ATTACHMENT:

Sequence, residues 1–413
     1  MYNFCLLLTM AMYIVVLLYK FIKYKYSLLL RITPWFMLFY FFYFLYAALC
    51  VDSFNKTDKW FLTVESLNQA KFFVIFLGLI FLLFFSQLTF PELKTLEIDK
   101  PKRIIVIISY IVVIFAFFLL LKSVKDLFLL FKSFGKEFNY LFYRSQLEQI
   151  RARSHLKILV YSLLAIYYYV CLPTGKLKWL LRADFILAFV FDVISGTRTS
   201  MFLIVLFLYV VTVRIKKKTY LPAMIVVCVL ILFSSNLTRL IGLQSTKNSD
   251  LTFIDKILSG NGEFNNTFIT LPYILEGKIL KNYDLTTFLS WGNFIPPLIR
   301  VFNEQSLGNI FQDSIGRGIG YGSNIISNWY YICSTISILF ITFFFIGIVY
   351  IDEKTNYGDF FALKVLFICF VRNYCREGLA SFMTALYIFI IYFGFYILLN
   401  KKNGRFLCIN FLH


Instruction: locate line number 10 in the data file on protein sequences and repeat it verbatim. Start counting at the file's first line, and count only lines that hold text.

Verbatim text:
   401  KKNGRFLCIN FLH